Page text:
The day began with so much fanfare. By the end of the day, there had been nothing to cheer about. From the beginning to the end, it was not a celebration, it was a nightmare.
The Marlins played exactly the type of game you'd want the Phillies to play. They scored when they had to. They pitched well. They got the job done on all fronts. The Phillies didn't do much right.
Cole Hamels continued his string of rough starts in his season debut, and the offense remained in its anemic state, as the Marlins jumped all over the Phillies weaknesses.
The Marlins wasted no time getting on the board. Jose Reyes and Emilio Bonifacio led off the game with singles. After a double steal moved both runners into scoring position, Reyes scored on an RBI groundout by Hanley Ramirez.
For the next few innings, Hamels was dealing. He retired the next nine Marlins in order.
In the fourth, the string ended with a lead-off double by Ramirez. Gaby Sanchez drove him home with an RBI single.
Omar Infante led off the fifth with a solo home run through a heavy wind.
In the sixth, a two-base error by Hamels on a bunt eventually led to another run, as Sanchez doubled home another run.
Hamels exited after 5 1/3 innings allowing four runs (three earned) on eight hits with no walks and nine strikeouts.
Joe Savery finished off the sixth for Hamels, but allowed a lead-off home run to Infante in the seventh. It was Infante's second of the day and third in two games.
The Phillies, meanwhile got nothing much going off of Marlins starter Anibal Sanchez. Jimmy Rollins hit a two-out single in the first. Hunter Pence hit a two-out single in the fourth. Rollins got another two-out single in the sixth.
Finally, in the seventh, the Phillies got on the board. Shane Victorino and John Mayberry Jr. led off the inning with single. Carlos Ruiz moved Victorino to third while reaching on a fielder's choice that retired Mayberry. That brought rookie Freddy Galvis to the plate, and he finally got his first major-league hit, a two-run double, getting the Phillies on the board.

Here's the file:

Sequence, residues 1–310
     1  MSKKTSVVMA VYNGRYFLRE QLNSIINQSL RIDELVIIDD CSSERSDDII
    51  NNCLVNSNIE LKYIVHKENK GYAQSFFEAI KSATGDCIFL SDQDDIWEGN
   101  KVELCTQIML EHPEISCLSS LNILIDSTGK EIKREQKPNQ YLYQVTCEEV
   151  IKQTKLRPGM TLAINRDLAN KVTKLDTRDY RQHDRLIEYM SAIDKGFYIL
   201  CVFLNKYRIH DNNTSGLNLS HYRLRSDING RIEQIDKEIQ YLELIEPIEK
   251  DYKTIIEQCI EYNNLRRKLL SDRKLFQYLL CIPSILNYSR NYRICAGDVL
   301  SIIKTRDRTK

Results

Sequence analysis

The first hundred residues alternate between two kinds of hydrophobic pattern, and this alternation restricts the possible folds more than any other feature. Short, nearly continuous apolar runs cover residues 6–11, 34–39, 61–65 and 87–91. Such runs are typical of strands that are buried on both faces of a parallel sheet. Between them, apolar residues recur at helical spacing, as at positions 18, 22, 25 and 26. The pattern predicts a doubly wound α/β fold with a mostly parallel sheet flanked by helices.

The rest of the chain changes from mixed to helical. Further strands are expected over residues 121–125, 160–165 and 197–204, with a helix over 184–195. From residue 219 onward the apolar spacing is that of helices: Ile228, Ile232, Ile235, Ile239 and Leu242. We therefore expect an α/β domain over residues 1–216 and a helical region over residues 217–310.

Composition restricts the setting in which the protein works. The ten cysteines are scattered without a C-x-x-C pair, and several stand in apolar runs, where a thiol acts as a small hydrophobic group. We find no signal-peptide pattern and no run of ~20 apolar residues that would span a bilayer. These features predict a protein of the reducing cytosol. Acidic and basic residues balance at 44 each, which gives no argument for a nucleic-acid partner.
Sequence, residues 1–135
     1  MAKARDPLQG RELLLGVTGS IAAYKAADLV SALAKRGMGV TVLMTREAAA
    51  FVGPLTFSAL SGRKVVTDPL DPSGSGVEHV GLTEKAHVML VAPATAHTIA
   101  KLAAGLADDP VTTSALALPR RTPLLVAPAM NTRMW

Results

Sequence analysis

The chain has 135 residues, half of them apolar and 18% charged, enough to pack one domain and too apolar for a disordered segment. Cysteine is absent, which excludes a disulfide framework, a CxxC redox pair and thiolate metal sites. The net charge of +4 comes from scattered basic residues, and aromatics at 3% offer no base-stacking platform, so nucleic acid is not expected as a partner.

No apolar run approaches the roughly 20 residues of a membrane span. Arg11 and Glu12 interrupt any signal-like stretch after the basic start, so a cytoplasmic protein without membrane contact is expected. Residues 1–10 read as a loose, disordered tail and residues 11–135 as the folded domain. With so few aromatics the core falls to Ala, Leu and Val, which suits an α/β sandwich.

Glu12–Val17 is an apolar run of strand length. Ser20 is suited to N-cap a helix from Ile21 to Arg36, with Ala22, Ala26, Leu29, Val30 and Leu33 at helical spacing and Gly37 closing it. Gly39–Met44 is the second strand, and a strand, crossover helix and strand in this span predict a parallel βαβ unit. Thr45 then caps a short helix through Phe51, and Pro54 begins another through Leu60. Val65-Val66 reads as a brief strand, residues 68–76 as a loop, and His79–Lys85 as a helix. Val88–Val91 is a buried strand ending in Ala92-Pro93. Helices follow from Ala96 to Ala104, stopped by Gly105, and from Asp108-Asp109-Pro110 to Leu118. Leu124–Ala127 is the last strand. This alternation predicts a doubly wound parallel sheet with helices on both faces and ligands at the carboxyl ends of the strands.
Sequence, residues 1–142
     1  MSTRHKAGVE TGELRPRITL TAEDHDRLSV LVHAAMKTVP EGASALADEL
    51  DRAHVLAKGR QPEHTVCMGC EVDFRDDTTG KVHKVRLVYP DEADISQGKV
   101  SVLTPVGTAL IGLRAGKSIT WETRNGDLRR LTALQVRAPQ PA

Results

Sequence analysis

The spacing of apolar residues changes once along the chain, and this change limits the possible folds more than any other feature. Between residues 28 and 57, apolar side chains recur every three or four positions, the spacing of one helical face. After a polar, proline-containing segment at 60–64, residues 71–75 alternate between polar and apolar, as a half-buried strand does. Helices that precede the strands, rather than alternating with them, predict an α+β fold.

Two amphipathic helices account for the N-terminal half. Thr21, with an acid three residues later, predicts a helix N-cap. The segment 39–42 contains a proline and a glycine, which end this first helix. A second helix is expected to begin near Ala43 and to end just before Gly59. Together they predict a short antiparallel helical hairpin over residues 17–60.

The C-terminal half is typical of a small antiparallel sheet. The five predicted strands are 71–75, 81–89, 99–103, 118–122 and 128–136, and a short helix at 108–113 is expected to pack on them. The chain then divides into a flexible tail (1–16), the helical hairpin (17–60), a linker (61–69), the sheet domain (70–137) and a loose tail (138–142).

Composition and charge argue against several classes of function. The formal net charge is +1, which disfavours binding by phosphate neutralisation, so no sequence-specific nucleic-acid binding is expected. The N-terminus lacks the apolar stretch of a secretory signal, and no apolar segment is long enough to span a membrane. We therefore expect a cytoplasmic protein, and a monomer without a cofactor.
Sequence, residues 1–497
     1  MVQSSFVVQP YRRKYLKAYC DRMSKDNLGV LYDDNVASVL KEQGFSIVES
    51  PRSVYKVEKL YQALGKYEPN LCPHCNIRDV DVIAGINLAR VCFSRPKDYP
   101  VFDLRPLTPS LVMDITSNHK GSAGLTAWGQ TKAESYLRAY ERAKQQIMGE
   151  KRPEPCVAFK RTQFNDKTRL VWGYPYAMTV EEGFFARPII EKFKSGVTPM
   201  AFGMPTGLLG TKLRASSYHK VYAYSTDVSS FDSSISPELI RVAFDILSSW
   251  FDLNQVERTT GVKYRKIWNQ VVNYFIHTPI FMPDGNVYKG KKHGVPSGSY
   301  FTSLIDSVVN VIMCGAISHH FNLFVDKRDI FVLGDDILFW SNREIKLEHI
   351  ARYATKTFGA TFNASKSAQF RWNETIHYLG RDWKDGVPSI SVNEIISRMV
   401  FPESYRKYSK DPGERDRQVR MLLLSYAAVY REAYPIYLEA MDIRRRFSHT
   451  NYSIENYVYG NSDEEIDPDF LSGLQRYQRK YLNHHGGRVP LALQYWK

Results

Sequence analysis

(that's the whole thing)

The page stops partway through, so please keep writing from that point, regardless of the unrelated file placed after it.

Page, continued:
David Herndon pitched a scoreless eighth and Jonathan Papelbon debuted at home for the Phillies in the ninth. He allowed a solo home run to Austin Kearns to lead off the ninth before retiring the side.
That hit chased Sanchez, but the Phillies couldn't get anything off the Marlins bullpen as they lost their third straight game by a final of 6-2.
Another day, another painful game to watch. The Marlins early run was deflating. Yet, with Cole Hamels dealing through the third, there was a feeling that if the Phillies could manage even just two runs today, it would be enough.
They managed the two runs, far too little too late. Hamels lost that mojo in the fourth, and struggled with a high pitch count through his final inning or so of work. The Phillies were silenced for much of the day offensively, held to just three hits through the sixth. It wasn't until they got a lead-off hitter aboard that they finally put together a rally. It fell far short and the Phils never gained momentum back.
There's nothing good about the way today's game went, and if it wasn't the first week of the season, it would probably be acceptable if you panicked as a Phillies fan. The Phillies have played four games of a similar style. Only once has the pitching met the needs of the offense.
That's honestly the way you have to look at things. For right now, the Phillies will go as far as the pitching carries them and as far as the offense will stretch the lead.
Of course, there isn't much looking up for the Phillies on the horizon. They face one of baseball's best in their next game, as the Marlins rotation turns over.
The Phillies are back in action on Wednesday night when they host the Marlins again. Roy Halladay makes the start against Josh Johnson.
Kevin Durso is a contributor for Philliedelphia. You can follow him on twitter @KDursoPhilsNet.